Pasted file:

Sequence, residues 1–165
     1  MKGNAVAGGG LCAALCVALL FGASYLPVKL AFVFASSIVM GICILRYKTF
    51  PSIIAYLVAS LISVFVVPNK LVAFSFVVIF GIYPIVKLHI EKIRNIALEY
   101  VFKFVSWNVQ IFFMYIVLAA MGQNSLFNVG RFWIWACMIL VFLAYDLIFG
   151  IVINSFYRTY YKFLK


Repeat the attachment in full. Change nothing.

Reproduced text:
Sequence, residues 1–165
     1  MKGNAVAGGG LCAALCVALL FGASYLPVKL AFVFASSIVM GICILRYKTF
    51  PSIIAYLVAS LISVFVVPNK LVAFSFVVIF GIYPIVKLHI EKIRNIALEY
   101  VFKFVSWNVQ IFFMYIVLAA MGQNSLFNVG RFWIWACMIL VFLAYDLIFG
   151  IVINSFYRTY YKFLK